The accident resulted in top-level changes in Air Force travel procedures, as well. "That's the last time sensitive information and that many personnel with (knowledge of) sensitive information ever flew on the same airplane," Paris said.

Immediately after the accident, FBI agents secured the area where wreckage from the DC-7 had landed. "They were not looking for survivors," says Faith Paris, Steve's widow. "They were looking for papers."

"Something Needs To Be Done"

The downing of United 736 carried repercussions for commercial air travel, as well. Later that year, as a direct result of the Las Vegas disaster -- as well as other midair accidents, including the infamous June 1956 collision of a United DC-6 and TWA Super Constellation over the Grand Canyon -- President Eisenhower signed the Federal Aviation Act, ordering the formation of the Federal Aviation Agency (later Administration) through consolidation of the Civil Aeronautics Administration, and Civil Aeronautics Board.

The order specifically cited United 736 in calling for the creation of the agency. The Act also demanded better guidelines governing commercial and military use of airspace, and much improved communications procedures.

Today, an exhibit inside the McCarran terminal building commemorates the accident. Several families of those lost in the collision have also pushed to have a marker placed at the site wreckage from the DC-7 landed... an area slated to become part of a housing tract for the upcoming Southern Highlands development.

"There needs to be something erected out there. Something needs to be done," says local historian Doug Scroggins, who has pushed for such a memorial for the past 10 years.

"We Were Treated Very Special"

My mother, Kathy, recalls touring SAC headquarters, along with my grandmother, nine months after the accident that claimed her father. In a January 1959 release about their visit, the Air Force notes "Mrs. Darmody... was escorted through the SAC Command Post which her husband had originally helped organize."

"We were treated very special," Kathy Finfrock, nee Darmody, told me recently. "They showed me the big computers. Some of the younger officers showed me around. We played tic-tac-toe on the computers.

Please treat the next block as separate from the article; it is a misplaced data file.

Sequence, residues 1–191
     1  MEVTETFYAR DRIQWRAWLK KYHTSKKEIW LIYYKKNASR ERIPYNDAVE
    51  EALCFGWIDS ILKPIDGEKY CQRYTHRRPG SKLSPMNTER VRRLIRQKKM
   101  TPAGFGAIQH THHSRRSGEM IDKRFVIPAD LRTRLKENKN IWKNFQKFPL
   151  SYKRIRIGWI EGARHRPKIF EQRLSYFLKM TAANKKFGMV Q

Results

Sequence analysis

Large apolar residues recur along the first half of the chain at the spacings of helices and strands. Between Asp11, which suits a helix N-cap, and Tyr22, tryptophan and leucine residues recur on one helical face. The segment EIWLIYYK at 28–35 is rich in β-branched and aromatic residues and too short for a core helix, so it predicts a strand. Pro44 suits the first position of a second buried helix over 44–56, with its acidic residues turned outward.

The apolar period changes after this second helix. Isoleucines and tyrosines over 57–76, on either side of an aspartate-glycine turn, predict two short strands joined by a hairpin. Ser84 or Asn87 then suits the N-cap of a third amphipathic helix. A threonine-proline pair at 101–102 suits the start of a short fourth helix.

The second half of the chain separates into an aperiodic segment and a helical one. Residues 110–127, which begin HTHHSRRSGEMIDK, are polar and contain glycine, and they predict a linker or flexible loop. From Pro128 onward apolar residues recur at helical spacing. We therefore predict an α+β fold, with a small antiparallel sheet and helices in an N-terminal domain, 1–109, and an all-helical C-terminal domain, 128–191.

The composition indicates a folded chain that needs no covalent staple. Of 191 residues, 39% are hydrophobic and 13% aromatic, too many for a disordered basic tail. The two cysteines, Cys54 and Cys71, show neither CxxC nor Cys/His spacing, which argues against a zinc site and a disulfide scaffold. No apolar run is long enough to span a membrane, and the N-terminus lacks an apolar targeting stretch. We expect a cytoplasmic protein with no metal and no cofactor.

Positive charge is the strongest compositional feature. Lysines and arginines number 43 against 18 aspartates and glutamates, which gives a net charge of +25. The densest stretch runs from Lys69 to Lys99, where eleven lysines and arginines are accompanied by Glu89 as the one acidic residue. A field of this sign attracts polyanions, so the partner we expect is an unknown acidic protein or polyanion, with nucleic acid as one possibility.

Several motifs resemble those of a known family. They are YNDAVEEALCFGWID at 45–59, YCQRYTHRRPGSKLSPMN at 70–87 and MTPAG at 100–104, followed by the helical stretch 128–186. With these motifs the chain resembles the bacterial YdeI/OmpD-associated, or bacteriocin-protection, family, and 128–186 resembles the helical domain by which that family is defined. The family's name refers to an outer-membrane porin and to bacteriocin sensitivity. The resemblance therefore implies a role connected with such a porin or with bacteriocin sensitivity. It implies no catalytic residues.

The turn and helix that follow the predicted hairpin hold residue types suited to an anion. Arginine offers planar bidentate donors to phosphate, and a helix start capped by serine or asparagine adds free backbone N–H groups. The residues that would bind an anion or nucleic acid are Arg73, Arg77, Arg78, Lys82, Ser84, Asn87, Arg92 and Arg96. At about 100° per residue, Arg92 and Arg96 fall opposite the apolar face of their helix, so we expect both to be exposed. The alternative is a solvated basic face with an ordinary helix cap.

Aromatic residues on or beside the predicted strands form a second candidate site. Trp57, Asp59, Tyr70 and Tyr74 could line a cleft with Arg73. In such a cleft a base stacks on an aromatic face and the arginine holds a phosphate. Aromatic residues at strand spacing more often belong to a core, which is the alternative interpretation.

"If it would have been under any other circumstances, it would have been a lot of fun for me. I was still amazed and excited about going to the underground," she adds. "[SAC] was such a big deal around Omaha and the nation... It was a very solemn occasion, but they made sure we had a good time."

During a special ceremony that day, SAC Commander-in-Chief General Thomas S. Power presented my grandmother with the Legion of Merit, posthumously awarded to Robert Darmody (above).

I've written before about my grandfather. For a man I never had the honor of meeting, his influence weighs upon me... from a shared love of flight, to an eye for model-making.

I even look like him... well, kind of. My mother, Kathy -- nine years old when she lost her dad -- has said before she sees a lot of her father in me. I do know I've "felt" his hand on my shoulder a number of times, in both good times and bad.

There's one significant difference between Robert Darmody (above) and his grandson, though, one I proudly acknowledge: my grandfather was an unquestionably brilliant man.

I so wish I could have known him.

FMI: Court Documents Related To The Crash, www.strategic-air-command.com, www.lostbirds.com/